Robot-Assisted and Fully Automated for the Implementation of Industrie 4.0

Grinding, Deburring, and Mechanically Processing Aluminum Structural Components in a Single Process

Automobiles are becoming increasingly lighter, due to steel being replaced more and more by lighter materials, such as aluminum, during the manufacturing process. SHL AG has seized upon this development and created a system that grinds, deburrs, and then mechanically processes aluminum structural components – in a single, fully automated, robot-assisted process. SHL designed the manufacturing line as the general contractor for a medium-sized automotive supplier that is very enthusiastic about the line’s performance. 

The growing use of light materials also requires processing technology. The processing of aluminum structural components with complex geometries is challenging; the requirements for surface quality are high. Robot-based solutions that carry out several steps in a fully automated manner are advantageous here. They make processes leaner, saving the user time and money. When designing the manufacturing line, SHL used its over 30 years of experience in the processing of aluminum, thus providing an important element for connected production in the context of Industrie 4.0. With the help of industrial robots, structural components, such as suspension strut supports, are ground, deburred, and measured in a fully automated manner. Then comes mechanical processing with drilling and milling. Afterwards, the components are straightened, inspected, and riveted. „This is done in a single process. As a general contractor, we offer our clients service from a single source with dedicated contact persons,“ explains SHL project manager Daniel Welte. Several production runs have already taken place at company headquarters in Böttingen, to the full satisfaction of the supplier. 

The belt grinding units developed by SHL offer users long-term ideal grinding results combined with cost-effective consumption costs. An audit report from TÜV highlights the suitability of SHL solutions specifically for aluminum grinding. In the new, 3,000-square-meter hall for application technology, SHL can easily design and install entire large production lines. The company currently supplies all renowned foundries with systems and grinding know-how from Böttingen. The processing procedure on the manufacturing line begins with the aluminum structural components on a heat treatment frame. An employee enters a data matrix code; the MES system then approves the „grinding“ process. Afterwards, the component is placed on the loading table. Robot number one grabs the components and brings one after the other to two SHL FKS 250/450 free contact wheel grinding machines. These have retrofitting spindles, contact wheels, and grinding attachments. The robot then activates the SHL P 550 deburring unit and completes interior processing. In a direct „Shake Hand“ procedure, it hands over the component to robot number two. Then comes exterior processing, using the same machine configuration as in the first step. The component is then placed in the blow-off port, where air pressure removes dust particles.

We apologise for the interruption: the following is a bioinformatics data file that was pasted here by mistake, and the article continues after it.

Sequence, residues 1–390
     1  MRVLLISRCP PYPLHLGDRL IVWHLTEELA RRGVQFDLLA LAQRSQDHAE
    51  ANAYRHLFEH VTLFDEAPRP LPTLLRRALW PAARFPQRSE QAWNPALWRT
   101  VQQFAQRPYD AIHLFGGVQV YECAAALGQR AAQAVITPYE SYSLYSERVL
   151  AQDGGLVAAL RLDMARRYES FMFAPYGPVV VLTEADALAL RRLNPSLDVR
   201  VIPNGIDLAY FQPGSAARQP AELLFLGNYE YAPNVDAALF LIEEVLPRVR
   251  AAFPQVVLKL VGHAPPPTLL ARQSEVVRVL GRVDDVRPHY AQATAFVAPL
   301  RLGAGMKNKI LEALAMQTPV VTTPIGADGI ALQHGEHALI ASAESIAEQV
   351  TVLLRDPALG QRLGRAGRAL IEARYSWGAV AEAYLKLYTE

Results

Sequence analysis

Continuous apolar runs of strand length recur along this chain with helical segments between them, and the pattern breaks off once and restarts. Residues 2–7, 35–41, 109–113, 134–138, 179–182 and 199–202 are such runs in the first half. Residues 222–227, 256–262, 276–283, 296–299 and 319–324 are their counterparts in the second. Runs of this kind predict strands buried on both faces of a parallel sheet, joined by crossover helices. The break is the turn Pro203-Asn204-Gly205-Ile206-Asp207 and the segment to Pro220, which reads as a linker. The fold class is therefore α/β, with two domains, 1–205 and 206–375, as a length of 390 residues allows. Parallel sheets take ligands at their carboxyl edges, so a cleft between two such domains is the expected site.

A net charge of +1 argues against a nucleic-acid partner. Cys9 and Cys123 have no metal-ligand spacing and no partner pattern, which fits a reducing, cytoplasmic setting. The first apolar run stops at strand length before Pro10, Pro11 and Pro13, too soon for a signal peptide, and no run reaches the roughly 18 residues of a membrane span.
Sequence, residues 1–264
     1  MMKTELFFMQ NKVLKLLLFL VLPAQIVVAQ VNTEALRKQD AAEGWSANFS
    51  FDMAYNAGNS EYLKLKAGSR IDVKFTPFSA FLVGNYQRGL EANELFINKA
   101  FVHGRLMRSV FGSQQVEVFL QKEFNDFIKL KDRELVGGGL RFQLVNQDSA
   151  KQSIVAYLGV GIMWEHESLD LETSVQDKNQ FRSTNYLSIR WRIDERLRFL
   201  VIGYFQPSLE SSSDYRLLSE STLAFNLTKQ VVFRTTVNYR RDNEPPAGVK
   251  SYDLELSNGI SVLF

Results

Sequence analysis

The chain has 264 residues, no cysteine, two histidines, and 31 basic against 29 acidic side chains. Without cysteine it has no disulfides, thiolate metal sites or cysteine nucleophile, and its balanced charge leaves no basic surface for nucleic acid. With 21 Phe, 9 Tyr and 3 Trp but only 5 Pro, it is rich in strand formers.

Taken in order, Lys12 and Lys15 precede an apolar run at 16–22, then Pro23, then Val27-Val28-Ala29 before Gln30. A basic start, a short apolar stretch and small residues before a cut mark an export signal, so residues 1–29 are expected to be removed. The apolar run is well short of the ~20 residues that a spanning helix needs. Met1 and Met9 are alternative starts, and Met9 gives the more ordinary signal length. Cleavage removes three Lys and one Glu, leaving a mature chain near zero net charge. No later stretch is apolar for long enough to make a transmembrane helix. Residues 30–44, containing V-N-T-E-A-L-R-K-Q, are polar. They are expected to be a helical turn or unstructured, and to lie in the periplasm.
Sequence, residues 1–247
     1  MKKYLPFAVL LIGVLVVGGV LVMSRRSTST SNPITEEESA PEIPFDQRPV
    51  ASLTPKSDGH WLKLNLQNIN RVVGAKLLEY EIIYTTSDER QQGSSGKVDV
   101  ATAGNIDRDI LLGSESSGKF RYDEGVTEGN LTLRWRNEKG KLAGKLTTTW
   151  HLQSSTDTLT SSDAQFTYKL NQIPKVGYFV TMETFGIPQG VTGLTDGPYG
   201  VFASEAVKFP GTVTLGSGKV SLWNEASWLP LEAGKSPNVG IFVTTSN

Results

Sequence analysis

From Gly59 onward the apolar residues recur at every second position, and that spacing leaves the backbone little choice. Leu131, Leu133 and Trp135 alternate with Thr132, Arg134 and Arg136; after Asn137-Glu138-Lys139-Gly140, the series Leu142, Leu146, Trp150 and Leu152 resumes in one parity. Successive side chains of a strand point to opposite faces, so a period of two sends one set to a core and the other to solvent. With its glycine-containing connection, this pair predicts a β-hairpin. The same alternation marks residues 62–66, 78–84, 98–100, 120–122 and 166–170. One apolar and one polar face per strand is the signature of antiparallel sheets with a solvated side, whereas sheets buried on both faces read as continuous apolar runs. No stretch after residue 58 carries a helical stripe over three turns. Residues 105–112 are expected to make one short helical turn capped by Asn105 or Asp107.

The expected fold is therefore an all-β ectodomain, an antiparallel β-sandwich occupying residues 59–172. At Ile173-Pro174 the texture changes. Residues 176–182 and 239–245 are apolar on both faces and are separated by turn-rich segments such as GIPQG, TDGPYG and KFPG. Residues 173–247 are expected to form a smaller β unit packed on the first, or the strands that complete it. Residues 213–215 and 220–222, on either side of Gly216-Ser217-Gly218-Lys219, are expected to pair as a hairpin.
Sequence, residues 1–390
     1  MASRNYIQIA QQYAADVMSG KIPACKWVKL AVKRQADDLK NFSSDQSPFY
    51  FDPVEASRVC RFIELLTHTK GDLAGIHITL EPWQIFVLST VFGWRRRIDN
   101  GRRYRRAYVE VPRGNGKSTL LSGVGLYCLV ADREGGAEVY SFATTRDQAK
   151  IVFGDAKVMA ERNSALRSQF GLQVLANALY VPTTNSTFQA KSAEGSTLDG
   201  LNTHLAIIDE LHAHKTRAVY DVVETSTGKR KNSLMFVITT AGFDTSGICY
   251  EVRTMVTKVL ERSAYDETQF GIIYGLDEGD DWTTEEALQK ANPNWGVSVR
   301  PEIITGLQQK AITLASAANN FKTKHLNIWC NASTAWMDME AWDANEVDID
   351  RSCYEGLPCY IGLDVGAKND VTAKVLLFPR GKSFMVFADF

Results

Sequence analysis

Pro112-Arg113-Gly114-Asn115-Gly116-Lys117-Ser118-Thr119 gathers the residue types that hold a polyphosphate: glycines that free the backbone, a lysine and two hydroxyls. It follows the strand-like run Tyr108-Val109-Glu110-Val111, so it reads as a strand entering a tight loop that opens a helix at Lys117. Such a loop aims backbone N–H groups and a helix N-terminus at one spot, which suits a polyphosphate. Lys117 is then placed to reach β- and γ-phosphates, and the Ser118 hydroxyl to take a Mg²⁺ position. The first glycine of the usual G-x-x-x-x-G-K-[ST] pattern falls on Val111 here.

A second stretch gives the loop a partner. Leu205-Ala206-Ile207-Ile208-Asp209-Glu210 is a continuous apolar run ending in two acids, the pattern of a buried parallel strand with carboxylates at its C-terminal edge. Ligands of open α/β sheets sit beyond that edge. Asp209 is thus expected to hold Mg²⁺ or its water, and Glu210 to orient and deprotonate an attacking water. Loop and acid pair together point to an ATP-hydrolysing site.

After that, the component is handed over to the handling robot. This robot has a data matrix code scanner that decides the next step. If problems arise during the grinding process, such as a drop in air pressure or belt break, robot number three unloads the component on the Non- Compliant belt. “If the system does not detect any problems, the components are placed in the straightening system and positioned accordingly,“ explains Daniel Welte. If there are discrepancies, components will also be unloaded on a separate belt, reworked, and reloaded via the Sequence Part Control. Only after that does the robot activate the CNC machine for the milling process.

Since the component is subjected to powerful forces during milling, a distortion check is carried out. If this verification is OK, robot number three applies two/ four blind rivet bolts, the correct position of which is verified through a force/ displacement measurement. If there are deviations from the prescribed norm, the component has to be reworked. If this is not the case, the robot removes the component and places it on the belt; the process is complete. The system is available for the next component. With this manufacturing line, SHL developed an automated solution with an overarching SPS that communicates with application-specific MES systems. The ability to test processes under real conditions at the SHL location in Böttingen represents a significant advantage for the user. „This makes integration in later manufacturing at the user facility simple and enables a rapid production start,“ states Daniel Welte.